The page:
Sifra Lentin

Sifra Lentin

Bombay History Fellow

Sifra Lentin is Fellow, Bombay History Studies. She was Visiting Fellow 2018 at the Herbert Katz Center for Advanced Judaic Studies at University of Pennsylvania for a project on Karachi’s Jews. Her latest Gateway House policy report on “India and the SCO, Bound by Buddhism” (November 2020) proposed how India could leverage her soft power as the holy land of Buddhism in this multilateral grouping.  Her “Mumbai-Shanghai Sister Cities” report (May 2017): proposed recommendations on how sister city relationships between these two cities can be made to work. She has also written a number of books, namely, Bombay’s International Linkages (Gateway House, 2019); Our Legacy: The Dwarkadas Family of Bombay (2018), and A Salute to the Sword Arm – A photo Essay on the Western Fleet (Western Naval Command, 2007). Her work has also appeared in edited volumes: “The Jewish Presence in Bombay” in India’s Jewish Heritage: Ritual, Art, & Life-Cycle (Marg Publication, 2002), “Shalom India” published in One India One People’s book Know India Better (2006), “The Jewish presence in Mumbai: their contribution to the city’s economic, social and cultural fabric”, in Mumbai—Socio-Cultural Perspectives: Contribution of Ethnic Groups & Communities (Primus Books, 2017).

Sifra graduated in English Literature from Elphinstone College, Mumbai, and went on to complete her Bachelor’s in General Law (BGL) from Government Law College, Mumbai.  Her earlier career was in journalism with a focus on Bombay and South Asian Jewish history. Most notably, she wrote a popular thrice-weekly column for Mid-Day “Vintage Mumbai” from 1995 to 1997 and a five-part Partition series for Reuters on the golden jubilee of Indian Independence in 1997. She is on the Board of Trustees of the Sir Jacob Sassoon School (Byculla, Mumbai).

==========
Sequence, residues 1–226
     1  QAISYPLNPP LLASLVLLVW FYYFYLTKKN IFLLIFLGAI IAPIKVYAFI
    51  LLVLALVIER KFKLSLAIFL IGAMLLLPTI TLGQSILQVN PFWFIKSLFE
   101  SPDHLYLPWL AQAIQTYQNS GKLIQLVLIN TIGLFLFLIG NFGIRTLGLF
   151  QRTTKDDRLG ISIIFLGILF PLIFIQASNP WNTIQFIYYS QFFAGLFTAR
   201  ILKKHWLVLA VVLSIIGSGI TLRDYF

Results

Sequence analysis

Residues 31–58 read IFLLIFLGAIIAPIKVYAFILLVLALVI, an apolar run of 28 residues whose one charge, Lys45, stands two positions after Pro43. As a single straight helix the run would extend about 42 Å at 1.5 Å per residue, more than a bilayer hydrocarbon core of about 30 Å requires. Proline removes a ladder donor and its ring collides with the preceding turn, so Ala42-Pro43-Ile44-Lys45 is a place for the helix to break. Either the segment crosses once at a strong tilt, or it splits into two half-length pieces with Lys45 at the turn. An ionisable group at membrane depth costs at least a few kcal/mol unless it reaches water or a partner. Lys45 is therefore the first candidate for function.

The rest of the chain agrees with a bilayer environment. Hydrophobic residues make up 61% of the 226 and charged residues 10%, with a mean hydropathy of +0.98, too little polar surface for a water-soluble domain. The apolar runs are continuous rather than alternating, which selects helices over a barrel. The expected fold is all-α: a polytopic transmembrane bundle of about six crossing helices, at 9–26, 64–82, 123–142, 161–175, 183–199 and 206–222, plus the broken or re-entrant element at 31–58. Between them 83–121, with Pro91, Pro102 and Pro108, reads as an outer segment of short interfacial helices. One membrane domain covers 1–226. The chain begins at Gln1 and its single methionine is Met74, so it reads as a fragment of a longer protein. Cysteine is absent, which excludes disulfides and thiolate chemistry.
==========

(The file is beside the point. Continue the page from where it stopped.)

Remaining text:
Expertise

History, Bombay

Last modified: September 22, 2022

Recent projects

SCO Climate Courtesy: Erkin Bolzhurov/World Bank
8 September 2022 Gateway House

SCO needs proactive climate action

The SCO climate change initiatives to mitigate soaring temperatures, recurring droughts, and floods, glacial melts, and desiccation of the Aral Sea, are inadequate. Large swathes of Central Asia are hotspots for human migration due to a lack of freshwater resulting in pressure in a few habitable regions.
Armenian's in Bombay Courtesy: Zabel Joshi
25 August 2022 Gateway House

Bombay’s Armenian legacy

Bombay was once an important Armenian settlement in the 18th and 19th centuries, as the English East India Company was keen to relocate the successful Armenian merchants of Surat to the Company’s new outpost of Bombay. Today, no Armenians from Bombay’s historic community remain, but their church and cemetery survive, the subject of study for Armenian expatriates keen to rediscover their history.
mODI DIASPORA 1 Courtesy: PTI
17 August 2022 Gateway House

The pravasi in India’s independence struggle

The return of the pravasi Mahatma Gandhi on 9 January 1915 to India from South Africa, marked a turning point in India’s freedom struggle. The contribution of such overseas Indians was significant. Often, they had a galvanizing effect on existing movements within India. On this 75th anniversary of independence, the sacrifices of these pravasis remind Indians of a shared history and ties with their overseas kin.
Maktoum-Modi INDIANS BUILD THE UAE Courtesy: Twitter : Narendra Modi
14 June 2022 The Print

Indians in the development of the UAE

Indians are the largest expatriate community in the United Arab Emirates (UAE). Their contribution to building that nation is being celebrated this year, which is also the UAE’s golden jubilee year. Cultural fluency built on centuries-old trade and migration makes it easier for Indians and Gulf Arabs to collaborate.